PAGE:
England - Full Moon 184 - 09/12/11
I thought we had visited the Sandy Denny universe for the last time with the massive 19 CD box with her more or less collected recorded
works by the end of last year. But no! One of the treasures that was unearthed for the Sandy Denny box was an acapella version of a traditional folk song called "Lord Bateman". There also exists an instrumental band version of the song, meant for Sandy to record her vocals onto, but it never happened. It is longer and performed at a different speed compared to the acapella version. The instrumental was not included in the Sandybox for an obvious reason; she didn't contribute to the recording. Now it has been included as one of the bonus tracks of the new deluxe North Star Grassman And The Ravens album that was released some months ago. The remaining bonus tracks on this third CD edition of her first - and in my opinion best - solo album, can be found on the previous CD edition of the album, her Live At The BBC box and the Sandybox. So for old fanatics like me who want the Sandy-collection to be as complete as possible, the instrumental "Lord Bateman" is the bait.
But there is more flogging of the dead horse - or heroine - pick your choice. Fotheringay was Sandy's and her husband to be Trevor Lucas' band project in 1970, after she had left Fairport Convention and before she started her solo career with North Star the following year. Essen 1970 was recorded live (surprise-surprise!) at a festival in the German town on October 23rd 1970. The band was well rehearsed by then, in an interesting period before they started to record the second album, that wasn't completed before 2008. It includes five songs from the debut album, three from the second and a non-studio album song, a version of Chuck Berry's "Memphis Tennessee". Trevor sings the lead on four songs. The traditional steady British folk-rocker "Eppie Moray" and "The Way I Feel" by Gordon Lightfoot where Sandy helps out, are quite good. Trevor's own "The Ballad of Ned Kelly" and Dylan's "Too Much of Nothing" sound pretty awful in an unsuitable American folky way. To include the old rocker "Memphis Tennessee" might seem like fun, but wasn't the best of ideas. Not even Sandy's voice can save it. The remaining four songs, on the other hand, are great. Sandy is in charge on her own epic "The Sea" and "Nothing More". They demonstrate that her songwriting abilities were at a creative peak around the Fotheringay era. "John The Gun" is another strong song of hers, in the folk-rock tradition with a pacifist message. The traditional "Gypsy Davey" is another excellent folk-rock number.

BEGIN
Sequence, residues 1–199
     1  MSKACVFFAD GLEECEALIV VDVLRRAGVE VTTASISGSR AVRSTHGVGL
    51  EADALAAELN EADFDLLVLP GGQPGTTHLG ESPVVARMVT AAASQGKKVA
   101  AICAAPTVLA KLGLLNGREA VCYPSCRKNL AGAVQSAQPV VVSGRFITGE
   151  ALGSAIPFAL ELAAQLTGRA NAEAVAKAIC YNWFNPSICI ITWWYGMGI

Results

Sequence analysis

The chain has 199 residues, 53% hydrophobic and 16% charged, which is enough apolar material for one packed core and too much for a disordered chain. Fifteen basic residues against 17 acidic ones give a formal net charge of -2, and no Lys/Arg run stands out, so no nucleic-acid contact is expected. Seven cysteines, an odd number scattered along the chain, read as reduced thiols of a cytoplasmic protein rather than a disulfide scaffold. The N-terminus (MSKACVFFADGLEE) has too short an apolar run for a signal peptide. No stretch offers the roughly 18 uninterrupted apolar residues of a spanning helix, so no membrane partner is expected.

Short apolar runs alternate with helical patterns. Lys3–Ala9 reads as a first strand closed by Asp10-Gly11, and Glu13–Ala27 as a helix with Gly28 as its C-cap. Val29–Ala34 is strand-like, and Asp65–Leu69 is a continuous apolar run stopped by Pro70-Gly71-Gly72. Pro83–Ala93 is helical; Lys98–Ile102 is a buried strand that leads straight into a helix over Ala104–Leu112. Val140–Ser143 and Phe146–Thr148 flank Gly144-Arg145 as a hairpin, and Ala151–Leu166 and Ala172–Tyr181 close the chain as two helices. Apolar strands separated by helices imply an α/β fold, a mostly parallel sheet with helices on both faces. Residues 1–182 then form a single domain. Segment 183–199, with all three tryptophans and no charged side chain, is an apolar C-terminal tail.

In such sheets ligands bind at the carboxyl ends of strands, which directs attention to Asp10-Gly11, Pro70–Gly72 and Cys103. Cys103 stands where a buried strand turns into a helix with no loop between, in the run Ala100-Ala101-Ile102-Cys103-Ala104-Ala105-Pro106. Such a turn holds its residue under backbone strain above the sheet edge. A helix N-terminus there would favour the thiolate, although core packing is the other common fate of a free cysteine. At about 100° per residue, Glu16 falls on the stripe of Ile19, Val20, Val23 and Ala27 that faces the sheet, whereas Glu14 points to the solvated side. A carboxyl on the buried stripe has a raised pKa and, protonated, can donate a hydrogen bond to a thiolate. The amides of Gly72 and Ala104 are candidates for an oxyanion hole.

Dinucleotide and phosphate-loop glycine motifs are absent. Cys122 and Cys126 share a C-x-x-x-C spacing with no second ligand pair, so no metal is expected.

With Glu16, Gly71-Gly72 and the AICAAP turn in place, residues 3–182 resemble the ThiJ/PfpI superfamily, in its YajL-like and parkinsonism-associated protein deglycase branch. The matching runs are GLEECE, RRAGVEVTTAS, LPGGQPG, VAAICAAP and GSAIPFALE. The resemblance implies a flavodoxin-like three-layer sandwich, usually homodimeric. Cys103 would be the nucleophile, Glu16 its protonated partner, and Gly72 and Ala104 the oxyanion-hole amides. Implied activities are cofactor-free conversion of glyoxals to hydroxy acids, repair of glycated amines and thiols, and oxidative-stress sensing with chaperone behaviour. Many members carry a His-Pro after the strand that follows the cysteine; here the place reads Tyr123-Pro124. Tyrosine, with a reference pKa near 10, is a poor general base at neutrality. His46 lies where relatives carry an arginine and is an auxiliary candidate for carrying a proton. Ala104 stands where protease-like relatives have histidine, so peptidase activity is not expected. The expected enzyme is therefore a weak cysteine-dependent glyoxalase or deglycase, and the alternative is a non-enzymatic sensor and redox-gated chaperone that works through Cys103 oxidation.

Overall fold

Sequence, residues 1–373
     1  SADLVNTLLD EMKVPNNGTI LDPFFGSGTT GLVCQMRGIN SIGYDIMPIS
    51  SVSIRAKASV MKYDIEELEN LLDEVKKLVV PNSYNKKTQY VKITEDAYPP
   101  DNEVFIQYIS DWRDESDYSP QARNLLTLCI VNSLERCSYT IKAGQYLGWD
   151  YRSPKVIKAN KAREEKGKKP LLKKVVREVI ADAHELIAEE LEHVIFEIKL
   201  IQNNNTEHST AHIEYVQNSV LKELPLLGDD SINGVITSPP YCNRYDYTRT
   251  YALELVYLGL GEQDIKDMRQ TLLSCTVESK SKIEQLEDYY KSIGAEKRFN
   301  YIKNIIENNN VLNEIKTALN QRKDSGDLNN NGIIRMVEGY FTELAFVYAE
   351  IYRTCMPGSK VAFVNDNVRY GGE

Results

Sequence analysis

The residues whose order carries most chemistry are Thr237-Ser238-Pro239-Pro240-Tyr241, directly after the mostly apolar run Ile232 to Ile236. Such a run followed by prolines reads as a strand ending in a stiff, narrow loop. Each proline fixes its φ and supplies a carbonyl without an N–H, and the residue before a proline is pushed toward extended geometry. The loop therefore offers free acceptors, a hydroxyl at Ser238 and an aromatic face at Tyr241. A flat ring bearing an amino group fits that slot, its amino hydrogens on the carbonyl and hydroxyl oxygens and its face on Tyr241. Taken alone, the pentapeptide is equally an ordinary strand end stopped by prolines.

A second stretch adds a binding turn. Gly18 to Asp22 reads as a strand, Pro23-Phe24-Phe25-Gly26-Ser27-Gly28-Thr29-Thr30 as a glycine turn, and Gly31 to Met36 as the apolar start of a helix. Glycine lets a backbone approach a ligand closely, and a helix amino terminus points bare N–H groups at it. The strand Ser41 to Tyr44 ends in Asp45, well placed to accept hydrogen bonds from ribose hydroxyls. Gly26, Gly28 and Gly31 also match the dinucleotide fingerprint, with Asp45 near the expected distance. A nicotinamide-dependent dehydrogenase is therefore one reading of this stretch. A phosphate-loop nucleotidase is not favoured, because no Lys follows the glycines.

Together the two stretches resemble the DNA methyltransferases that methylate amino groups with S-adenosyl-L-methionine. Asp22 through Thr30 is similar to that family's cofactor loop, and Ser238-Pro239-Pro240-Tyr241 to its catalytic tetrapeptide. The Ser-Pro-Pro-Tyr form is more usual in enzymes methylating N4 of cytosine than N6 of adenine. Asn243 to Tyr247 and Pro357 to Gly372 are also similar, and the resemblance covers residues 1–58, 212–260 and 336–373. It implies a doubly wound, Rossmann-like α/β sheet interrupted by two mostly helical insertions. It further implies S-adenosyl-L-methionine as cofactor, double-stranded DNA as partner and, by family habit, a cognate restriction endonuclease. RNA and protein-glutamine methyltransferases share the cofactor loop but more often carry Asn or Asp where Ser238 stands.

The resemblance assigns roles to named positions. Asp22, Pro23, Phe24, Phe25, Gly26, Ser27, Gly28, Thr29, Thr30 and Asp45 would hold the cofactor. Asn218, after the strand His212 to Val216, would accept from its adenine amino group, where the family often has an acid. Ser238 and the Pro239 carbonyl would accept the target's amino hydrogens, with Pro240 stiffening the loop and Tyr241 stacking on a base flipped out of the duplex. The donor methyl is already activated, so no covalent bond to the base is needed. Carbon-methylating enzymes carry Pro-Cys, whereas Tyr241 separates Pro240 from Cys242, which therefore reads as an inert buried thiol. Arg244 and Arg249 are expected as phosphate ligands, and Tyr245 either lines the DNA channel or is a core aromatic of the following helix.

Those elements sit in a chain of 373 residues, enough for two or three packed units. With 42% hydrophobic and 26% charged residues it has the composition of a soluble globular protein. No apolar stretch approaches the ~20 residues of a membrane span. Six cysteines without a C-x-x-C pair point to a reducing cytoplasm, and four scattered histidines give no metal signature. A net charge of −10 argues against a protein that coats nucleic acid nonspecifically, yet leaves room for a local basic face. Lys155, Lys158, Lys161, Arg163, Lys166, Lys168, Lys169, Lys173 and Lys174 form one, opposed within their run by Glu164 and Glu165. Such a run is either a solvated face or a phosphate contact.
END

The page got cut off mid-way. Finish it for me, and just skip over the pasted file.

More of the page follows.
This doesn't sound too bad, but there is a huge BUT here. The album booklet states that this is a semi-professional recording and that guitarist Jerry Donahue has been involved to re-master and improve the sound. He did a wonderful job with Fotheringay 2, but Essen 1970 is another story. It sounds like a mediocre bootleg, recorded with one microphone in the middle of the crowd. Lots of reverb and lots of wool wrapped around the vocals and instruments that makes you suffer. After listening a few times to this album, it was a big relief and delight to put on disc 14 of the Sandybox with bonus Fotheringay tracks, including some of the same songs recorded live in a more than decent way at a festival in Holland four months earlier.
The verdict seems inevitable: avoid this album if you're not a real die-hard Sandy/Fairport/Fotheringay-fan or find some sick pleasure in dodgy bootleg-sounding recordings.
I'd also recommend fans to avoid the deluxe North Star Grassman And The Ravens album because of the immoral timing by Island Records of this release to milk the market to the last drop. At least wait until it hits the bargain-bins, or restrict yourselves to download the instrumental "Lord Bateman". For curious newcomers the deluxe North Star might be a great introduction to the music of Sandy Denny.
Later this moonth will see the release of yet another Sandy-album, called 19 Rupert Street, recorded along with her friend Alex Campbell in his home in Glasgow in August 1967. It's a reel-to-reel-recording and I have a lot higher hopes for this. Strawbs-leader Dave Cousins, who will release the album on the Strawbs-label Witchwood Media, seems very enthusiastic about it. And in October Thea Gilmore will release an album with unknown lyrics by Sandy that was unearthed during the preparation of the Sandy box. The complete Sandy story is yet to be written.
Copyright © 2011 JP